Goldfeder Opposes Project that Will Cripple Transportation Alternatives for Queens

January 3, 2012
To the Editor:

Recently, there has been much discussion regarding a proposal to convert abandoned areas of the old Rockaway Beach Rail Line into a ‘highline’ park space. While I’m a strong advocate for increased park space in Queens, I believe Southern Queens and Rockaway would be better served if this forgotten track once again fulfilled its original purpose as a railroad. Transportation options for southern Queens and Rockaway residents are severely limited. Restoration of the abandoned rail line as an efficient transportation alternative to the A Subway Line would be welcomed news to residents who currently suffer with commutes of well over an hour to midtown Manhattan. I commend Community Board 14 and the Rockaway Transit Coalition led by Lew Simon for their advocacy over the years.

The Rockaway Line, also known as the White Pot Junction Line, was created around the turn of the century and was owned and operated by the Long Island Rail Road. It provided residents with safe, affordable and expedient access to other parts of the city and 40 minute commutes to midtown Manhattan. In the early 60s, parts of the railroad service were condensed, sectioned off and eventually closed. In the following years, the property was vandalized, encroached upon and has become a source of embarrassment for the families that reside in the area.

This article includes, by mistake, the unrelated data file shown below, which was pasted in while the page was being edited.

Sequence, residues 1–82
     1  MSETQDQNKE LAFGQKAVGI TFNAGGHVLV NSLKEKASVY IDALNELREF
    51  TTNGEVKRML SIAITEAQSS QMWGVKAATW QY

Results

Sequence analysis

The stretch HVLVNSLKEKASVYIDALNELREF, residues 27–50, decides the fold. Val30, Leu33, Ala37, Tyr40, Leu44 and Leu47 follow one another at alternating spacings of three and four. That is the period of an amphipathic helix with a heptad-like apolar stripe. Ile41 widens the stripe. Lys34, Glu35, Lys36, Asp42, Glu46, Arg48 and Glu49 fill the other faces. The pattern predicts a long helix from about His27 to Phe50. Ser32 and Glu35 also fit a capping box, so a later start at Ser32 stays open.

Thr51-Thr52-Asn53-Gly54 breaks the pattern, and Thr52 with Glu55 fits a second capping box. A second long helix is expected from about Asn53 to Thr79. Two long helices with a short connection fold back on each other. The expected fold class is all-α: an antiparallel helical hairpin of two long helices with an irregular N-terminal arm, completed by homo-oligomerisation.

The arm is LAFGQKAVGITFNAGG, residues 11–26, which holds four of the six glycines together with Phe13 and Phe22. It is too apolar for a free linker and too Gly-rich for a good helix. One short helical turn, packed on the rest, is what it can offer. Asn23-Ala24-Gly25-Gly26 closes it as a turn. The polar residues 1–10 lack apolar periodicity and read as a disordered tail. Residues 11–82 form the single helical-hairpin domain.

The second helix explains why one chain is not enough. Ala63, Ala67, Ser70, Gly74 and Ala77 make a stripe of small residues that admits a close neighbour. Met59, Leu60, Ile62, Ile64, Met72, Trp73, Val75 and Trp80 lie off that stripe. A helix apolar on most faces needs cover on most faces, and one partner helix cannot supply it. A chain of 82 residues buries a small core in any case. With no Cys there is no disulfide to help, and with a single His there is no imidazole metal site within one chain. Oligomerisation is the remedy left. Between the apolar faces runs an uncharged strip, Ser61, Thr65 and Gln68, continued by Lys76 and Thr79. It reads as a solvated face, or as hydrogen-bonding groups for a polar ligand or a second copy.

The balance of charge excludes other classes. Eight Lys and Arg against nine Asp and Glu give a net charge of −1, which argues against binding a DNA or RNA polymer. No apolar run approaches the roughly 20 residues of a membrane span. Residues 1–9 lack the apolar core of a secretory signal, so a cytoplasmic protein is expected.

Despite our limited transportation options, in recent years, southern Queens and Rockaway has seen a large population and construction boom. The opening of the Resorts World Casino at the Aqueduct Racetrack in Ozone Park, the renaissance of the Rockaway Peninsula as a tourist haven and the growing population all show that the restoration of this rail line is needed now more than ever.

I’m opposed to the ‘Queensway’ proposal, if it would in any way preclude the eventual restoration of a rail link that would serve southern Queens and Rockaway and urge residents to join me in opposition. Those same communities that are pushing this proposal are privileged with commutes of 30 minutes or less to midtown Manhattan and there is no reason why the residents of the 23rd Assembly District shouldn’t have this same opportunity.

Sincerely,
Phillip Goldfeder
Member of Assembly